Volunteer program assessments are a great way to get candid volunteer feedback and boost leadership at the same time. Unfortunately, most organizations don’t take time out to reflect on their current practices in a purposeful, comprehensive way.
But, if volunteers are truly essential to your mission, doesn’t it make sense to maximize their environment so they can be as successful as possible? And, who knows better than volunteers themselves whether or not current management practices work for them?
Why Conduct a Volunteer Program Assessment?
There are many benefits to involving volunteers in an audit of your operations. For one, needed improvements are often best identified by volunteers themselves. In addition:
- Include the volunteer viewpoint in volunteer program enhancement
- Offer new opportunities for volunteers who are seeking more
- Educate potential volunteer leaders in the “back end” operations of your organization
- Identify best practices and common challenges that can be shared across the agency
- Increase effectiveness of the services you provide
Volunteer Program Assessments Step-by-Step
There are several things you can do to ensure your assessment project is set up in a way that empowers volunteers to become active team members and leaders. Here are a few ways to set the stage for success.
1) Identify minimum requirements for team members.
Make sure you know what you are looking for before you extend any invitations to join the program assessment team. Anyone who joins the team should agree to the following, at minimum:
- Share responsibilities for addressing a challenge or opportunity
- Regularly attend team meetings
- Actively participate in team processes and project(s)
- Make commitment to review and contribute to the assessment plan
- Rotate in and out of team roles, if appropriate
- Can work on their own and like to work on a team.
2) Identify the expectations for team members.
Any volunteer who is interested in assisting with the assessment should also commit to the following general responsibilities and ethical principles, including:
- Anonymity & Confidentiality – Any comments or responses collected, regardless of method, should be kept anonymous. Use online tools for conducting surveys; if it’s necessary to administer surveys through other methods that could impact anonymity, confidentiality should remain a priority.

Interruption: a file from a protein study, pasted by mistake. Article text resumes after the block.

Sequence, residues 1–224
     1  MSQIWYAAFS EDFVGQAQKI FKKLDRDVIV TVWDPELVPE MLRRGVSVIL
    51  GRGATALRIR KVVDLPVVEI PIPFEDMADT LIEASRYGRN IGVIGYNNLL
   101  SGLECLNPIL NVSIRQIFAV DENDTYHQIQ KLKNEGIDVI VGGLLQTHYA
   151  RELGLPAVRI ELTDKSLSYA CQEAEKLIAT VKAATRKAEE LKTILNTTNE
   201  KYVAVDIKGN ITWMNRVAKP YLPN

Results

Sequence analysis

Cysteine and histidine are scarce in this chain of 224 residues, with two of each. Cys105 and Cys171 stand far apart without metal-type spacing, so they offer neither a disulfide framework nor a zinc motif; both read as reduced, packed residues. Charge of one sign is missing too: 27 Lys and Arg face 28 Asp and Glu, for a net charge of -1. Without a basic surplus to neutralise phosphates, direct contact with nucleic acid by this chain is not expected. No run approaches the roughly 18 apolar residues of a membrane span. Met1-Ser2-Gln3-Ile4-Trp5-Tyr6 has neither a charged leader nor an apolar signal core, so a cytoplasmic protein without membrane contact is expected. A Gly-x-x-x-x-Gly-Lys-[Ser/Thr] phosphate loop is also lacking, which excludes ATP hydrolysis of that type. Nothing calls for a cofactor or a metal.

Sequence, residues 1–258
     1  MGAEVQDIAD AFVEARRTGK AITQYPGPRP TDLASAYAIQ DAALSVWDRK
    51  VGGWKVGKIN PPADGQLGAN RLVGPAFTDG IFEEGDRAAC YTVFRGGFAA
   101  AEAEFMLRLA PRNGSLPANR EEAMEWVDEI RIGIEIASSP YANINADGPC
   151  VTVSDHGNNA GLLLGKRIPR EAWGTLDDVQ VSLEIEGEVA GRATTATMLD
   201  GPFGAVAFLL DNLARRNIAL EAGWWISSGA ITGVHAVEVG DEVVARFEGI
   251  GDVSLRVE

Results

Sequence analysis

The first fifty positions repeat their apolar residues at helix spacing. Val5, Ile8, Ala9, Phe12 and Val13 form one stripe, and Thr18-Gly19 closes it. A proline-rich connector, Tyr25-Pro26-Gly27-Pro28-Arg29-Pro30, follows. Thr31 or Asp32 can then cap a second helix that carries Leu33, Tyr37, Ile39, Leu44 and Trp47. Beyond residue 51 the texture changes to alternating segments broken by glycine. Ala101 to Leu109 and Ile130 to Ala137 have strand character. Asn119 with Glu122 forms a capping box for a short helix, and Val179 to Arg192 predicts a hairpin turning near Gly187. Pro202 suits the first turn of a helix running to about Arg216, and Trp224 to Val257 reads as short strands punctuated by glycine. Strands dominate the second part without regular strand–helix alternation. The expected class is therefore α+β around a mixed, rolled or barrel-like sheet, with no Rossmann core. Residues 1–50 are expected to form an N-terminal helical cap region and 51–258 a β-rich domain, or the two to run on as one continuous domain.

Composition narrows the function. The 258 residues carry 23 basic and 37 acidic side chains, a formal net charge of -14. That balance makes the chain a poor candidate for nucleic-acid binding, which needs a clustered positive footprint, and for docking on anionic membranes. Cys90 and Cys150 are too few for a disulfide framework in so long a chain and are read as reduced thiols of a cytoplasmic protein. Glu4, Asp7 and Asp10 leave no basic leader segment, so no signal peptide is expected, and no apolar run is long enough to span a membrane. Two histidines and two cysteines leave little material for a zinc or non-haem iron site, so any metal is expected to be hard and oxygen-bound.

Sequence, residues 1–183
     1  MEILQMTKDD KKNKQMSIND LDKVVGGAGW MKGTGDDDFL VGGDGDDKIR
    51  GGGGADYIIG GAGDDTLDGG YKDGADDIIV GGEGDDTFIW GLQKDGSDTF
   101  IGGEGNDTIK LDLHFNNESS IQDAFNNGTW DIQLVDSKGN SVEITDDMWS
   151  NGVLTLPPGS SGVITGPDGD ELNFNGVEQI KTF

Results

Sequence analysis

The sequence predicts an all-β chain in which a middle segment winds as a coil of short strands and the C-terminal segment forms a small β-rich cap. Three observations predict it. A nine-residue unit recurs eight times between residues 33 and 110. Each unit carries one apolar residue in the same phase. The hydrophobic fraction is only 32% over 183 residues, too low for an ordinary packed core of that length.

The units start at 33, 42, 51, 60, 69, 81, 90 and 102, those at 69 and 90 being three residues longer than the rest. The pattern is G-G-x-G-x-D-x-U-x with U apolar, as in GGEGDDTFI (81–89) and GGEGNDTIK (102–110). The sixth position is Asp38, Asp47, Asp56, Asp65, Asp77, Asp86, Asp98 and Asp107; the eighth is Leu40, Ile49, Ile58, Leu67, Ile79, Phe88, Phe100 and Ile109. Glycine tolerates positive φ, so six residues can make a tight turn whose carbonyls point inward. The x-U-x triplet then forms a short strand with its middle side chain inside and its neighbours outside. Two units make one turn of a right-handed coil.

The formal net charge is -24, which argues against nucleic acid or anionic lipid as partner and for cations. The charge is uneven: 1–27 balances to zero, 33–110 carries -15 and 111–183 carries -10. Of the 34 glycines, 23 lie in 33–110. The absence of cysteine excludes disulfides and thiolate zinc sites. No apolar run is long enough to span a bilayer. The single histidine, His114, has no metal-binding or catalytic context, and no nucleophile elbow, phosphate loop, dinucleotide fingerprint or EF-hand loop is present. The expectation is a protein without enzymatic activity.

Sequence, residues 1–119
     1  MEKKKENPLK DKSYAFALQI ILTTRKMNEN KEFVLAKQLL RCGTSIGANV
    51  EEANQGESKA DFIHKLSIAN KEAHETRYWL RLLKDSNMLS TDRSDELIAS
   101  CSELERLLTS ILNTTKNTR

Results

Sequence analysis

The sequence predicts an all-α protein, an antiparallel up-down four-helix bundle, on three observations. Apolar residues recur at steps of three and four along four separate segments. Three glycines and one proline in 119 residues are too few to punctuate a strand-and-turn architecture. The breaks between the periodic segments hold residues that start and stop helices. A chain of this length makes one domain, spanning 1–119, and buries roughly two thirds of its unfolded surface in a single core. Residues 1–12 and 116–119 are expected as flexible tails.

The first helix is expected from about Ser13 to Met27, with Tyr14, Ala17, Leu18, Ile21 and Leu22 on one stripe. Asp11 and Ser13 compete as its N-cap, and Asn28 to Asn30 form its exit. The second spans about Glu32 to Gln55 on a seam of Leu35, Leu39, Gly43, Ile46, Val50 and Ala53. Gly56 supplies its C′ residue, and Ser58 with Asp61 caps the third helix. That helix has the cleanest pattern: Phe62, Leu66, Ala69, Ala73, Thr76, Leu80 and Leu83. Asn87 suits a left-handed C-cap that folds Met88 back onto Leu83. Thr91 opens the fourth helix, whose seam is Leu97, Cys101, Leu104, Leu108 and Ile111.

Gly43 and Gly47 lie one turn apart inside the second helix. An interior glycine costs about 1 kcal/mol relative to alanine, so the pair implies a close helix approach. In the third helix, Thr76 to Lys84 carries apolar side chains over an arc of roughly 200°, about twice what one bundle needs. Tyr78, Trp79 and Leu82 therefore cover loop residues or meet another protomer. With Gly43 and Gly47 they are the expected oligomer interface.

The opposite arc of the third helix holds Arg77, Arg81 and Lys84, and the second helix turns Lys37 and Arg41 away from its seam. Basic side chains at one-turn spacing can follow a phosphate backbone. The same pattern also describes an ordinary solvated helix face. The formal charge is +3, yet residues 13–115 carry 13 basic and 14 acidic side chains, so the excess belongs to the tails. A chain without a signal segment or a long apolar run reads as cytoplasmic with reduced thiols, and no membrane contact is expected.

- Informed Consent – Complete information about the assessment and how results will be used should be shared with volunteers, community partners, and any others asked to provide feedback. Talking points/information sheets for the key stakeholders should be provided to the team for this purpose.
- Data Security – Survey data, interview and focus group notes, and any other data, as well as program assessment results, should be kept in a secure, locked cabinet or file.
- Safeguarding Intellectual Property – It should be made clear that all assessment materials (e.g., survey questionnaires, etc.) belong to the organization and, if these materials may be shared with others, the official channels for this to occur.
- Objectivity – The team should be educated about types of research bias and strongly encouraged to resist “snap decision-making.” Not everyone sees the world the same way. Our perceptions are formed by our experiences, culture, upbringing, and the mass media. Working in a team, versus individually, can help us unearth our biases and make better decisions.
- Discretion – Team members should also understand how important it is to keep discoveries and findings to themselves and only share them through an official report to authorized parties. There is nothing that undermines the trust in program assessment results more than gossip.
3) Determine the kinds of roles needed for your assessment team.
Volunteer roles will vary with the size and preferences of each team, but some key roles are listed below. By identifying the roles you need, you’ll better estimate the number of volunteers you will need.
- Team Facilitator – working closely with his or her key staff partner to arrange orientation for team, facilitate open team dialog, get support and feedback on draft documents and audit report
- Survey Coordinator – directing the distribution and collection of surveys of either or both program volunteers and community partners
- Checklist Coordinator(s) – leading the assessment activities for their assigned research areas
- Materials Review Coordinator – gathering and recording feedback on program and volunteer materials, including promotional pieces, screening and application forms and training materials
- Data Analysis Lead – inspecting and interpreting data collected through audit process
- Writer – drafting final report and communication materials about results of audit
Stay tuned next week for Part 2 of this post!